Beyond ground rent, Katherine and Justin dissect other aspects of the bill, such as service charge transparency, building safety regulations, and conveyancing reforms. They express concerns about unintended consequences, including the potential depletion of housing stock and the impact on high streets.

Looking ahead, they discuss the upcoming process in the House of Lords and the importance of addressing technical valuation issues that have garnered less attention in the media. Despite media focus on service charges, they emphasize the need for a balanced approach that considers all aspects of leasehold reform.

Join us as we navigate the complexities of leasehold reform and gain valuable insights from industry leaders. Whether you're a seasoned professional or a first-time investor, this episode offers invaluable knowledge for navigating the London property market."

Maximize your property wealth with London Property. Turn challenges into opportunities. With expert knowledge and reach, we tackle the complexities and inefficiencies of the property market with you.

Outro  0:01  
Welcome to the London property podcast, your go to source for navigating the complex and ever changing London real estate market. Our digital marketplace provides informative and educational content from industry leaders. Through podcasts and videos. We cover various aspects of the real estate experience, including buying and selling finance, law, tax construction, design, and more. Join us as we delve into the latest trends and developments in the market and gain valuable insights from our panel of experts.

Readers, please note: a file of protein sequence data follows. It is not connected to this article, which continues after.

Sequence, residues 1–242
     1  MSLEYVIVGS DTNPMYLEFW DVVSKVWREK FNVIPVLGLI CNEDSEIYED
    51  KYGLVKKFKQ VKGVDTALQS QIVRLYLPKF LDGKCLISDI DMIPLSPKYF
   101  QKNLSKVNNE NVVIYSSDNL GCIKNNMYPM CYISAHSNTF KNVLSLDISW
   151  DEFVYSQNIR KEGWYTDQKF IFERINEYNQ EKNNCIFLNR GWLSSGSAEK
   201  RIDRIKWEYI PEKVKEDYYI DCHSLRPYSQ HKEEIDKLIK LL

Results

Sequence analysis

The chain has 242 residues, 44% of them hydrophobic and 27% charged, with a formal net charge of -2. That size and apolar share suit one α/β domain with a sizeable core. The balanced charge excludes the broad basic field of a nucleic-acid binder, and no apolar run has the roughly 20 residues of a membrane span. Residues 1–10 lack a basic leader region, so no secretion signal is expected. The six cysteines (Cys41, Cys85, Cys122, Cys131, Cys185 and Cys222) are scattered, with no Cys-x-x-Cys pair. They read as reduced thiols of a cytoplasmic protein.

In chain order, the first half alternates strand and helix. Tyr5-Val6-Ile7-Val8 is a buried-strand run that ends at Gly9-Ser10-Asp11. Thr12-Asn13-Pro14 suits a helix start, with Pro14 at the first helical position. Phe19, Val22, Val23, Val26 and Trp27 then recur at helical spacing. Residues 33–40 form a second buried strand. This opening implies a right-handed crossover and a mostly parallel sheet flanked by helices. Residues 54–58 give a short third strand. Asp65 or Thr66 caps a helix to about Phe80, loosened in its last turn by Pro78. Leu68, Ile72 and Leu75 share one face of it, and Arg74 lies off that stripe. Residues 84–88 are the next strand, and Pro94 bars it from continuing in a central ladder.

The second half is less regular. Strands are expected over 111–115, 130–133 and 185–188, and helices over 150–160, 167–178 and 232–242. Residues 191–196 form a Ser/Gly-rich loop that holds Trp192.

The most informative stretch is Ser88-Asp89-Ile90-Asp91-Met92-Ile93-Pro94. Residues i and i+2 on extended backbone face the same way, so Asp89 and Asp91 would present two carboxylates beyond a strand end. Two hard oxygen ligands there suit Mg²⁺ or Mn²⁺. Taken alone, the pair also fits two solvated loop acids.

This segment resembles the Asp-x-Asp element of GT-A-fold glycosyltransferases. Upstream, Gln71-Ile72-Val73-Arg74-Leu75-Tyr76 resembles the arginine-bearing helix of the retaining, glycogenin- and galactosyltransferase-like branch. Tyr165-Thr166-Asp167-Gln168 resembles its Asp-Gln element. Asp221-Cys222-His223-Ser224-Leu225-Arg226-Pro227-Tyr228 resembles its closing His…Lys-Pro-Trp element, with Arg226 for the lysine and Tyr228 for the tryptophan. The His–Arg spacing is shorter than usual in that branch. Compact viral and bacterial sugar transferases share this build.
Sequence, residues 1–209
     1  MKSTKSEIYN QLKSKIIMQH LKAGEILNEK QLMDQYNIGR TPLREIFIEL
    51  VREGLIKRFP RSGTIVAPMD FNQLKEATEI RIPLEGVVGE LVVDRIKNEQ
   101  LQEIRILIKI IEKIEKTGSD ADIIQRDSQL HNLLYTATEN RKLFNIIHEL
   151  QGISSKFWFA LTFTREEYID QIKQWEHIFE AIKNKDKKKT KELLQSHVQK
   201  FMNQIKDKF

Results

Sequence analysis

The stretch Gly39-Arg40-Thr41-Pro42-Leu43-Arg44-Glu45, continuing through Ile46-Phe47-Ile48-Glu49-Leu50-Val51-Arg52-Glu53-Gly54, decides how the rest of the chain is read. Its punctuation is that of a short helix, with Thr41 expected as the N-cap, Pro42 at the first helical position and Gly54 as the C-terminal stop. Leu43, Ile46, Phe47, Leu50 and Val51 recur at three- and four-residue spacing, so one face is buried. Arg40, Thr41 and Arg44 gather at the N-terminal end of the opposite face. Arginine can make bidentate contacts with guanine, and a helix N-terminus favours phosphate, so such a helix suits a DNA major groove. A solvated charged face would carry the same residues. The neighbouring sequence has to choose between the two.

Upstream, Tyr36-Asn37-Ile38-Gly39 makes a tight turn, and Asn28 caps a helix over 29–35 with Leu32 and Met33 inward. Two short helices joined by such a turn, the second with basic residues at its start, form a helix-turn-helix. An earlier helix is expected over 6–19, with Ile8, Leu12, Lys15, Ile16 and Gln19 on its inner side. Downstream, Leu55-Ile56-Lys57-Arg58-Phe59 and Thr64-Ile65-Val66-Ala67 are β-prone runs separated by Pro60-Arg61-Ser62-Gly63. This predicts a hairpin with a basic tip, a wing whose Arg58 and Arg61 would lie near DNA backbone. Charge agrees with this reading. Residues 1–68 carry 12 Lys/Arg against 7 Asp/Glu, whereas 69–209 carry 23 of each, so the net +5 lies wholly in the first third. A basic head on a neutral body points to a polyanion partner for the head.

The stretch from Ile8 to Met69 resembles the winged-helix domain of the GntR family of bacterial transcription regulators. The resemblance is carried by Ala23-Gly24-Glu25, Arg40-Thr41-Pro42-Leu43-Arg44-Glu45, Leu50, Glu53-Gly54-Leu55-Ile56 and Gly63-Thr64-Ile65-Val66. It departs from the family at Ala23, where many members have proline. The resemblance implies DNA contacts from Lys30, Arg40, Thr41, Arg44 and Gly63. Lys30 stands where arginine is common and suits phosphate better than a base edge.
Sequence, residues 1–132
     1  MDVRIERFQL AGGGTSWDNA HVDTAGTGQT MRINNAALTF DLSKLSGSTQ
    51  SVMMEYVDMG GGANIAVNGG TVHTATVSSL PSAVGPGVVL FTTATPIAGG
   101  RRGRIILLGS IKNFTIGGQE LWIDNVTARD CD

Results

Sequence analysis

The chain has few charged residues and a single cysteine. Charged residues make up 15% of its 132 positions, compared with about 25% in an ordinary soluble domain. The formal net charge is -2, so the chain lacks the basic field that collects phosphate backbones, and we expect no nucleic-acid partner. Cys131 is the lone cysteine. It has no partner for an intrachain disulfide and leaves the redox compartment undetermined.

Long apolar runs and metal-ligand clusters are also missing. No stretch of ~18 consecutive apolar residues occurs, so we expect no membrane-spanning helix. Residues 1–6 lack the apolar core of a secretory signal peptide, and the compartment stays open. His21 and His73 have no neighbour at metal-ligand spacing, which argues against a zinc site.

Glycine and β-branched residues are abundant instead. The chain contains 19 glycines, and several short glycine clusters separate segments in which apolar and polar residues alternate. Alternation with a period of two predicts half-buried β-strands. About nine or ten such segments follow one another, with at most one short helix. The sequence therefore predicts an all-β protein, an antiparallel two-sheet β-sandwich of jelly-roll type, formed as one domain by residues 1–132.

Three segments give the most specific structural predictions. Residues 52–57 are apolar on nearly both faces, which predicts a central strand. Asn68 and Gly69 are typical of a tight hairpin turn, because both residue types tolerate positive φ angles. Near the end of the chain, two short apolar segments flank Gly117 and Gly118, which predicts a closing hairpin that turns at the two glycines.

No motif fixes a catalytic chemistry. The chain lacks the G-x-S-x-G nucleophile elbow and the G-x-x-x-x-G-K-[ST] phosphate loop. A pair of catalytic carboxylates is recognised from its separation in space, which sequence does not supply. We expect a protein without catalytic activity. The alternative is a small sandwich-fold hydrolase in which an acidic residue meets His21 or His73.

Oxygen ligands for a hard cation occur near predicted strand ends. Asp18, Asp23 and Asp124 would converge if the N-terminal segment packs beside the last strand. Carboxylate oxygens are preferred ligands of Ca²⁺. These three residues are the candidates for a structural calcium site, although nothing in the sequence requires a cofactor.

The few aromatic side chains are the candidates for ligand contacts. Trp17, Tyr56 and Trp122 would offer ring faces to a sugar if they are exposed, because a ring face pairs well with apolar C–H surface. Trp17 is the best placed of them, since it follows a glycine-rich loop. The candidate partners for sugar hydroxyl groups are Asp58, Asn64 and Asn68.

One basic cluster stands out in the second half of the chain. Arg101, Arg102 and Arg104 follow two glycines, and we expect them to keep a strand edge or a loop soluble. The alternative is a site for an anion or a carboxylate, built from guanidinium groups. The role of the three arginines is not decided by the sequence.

Farnaz Fazaipour  0:34  
Hello, and welcome to London property, the home of super prime. I am your host Farnaz Fazaipour. And we're delighted to welcome Justin Bennett from LBB Chartered Surveyors and Catherine Simpson from Edwin co back to the show, talking about a topic that is very hot at the moment, which is the leasehold reform. Now, the last time we had a conversation about this, it was about to be heard in the House of Commons. Correct. So let's talk about I mean, for our listeners who haven't listened to the previous interview, then they should probably do that. But we'll start with it went to the House of Commons at the beginning of March.

Katherine Simpson  1:15  
And it's today having its second reading in the House of Lords. So

Farnaz Fazaipour  1:18  
now we're towards the end of March and it's going to the House of Lords. So let's talk about what actually was achieved or not achieved in the first hearing at the House of Commons. So what would you say was were the big surprises for you?

Katherine Simpson  1:34  
Well, what was noticeable was what actually didn't make it into the first draft of the bill, which was the abolition of leasehold houses, which was always promised, that has now made it in as a whole new section one with certain exceptions. So it's not a total ban on leasehold houses.

Farnaz Fazaipour  1:52  
Right and before we got on camera, you mentioned that where there is an exception is if you build a house on a leasehold land,

Speaker 1  1:59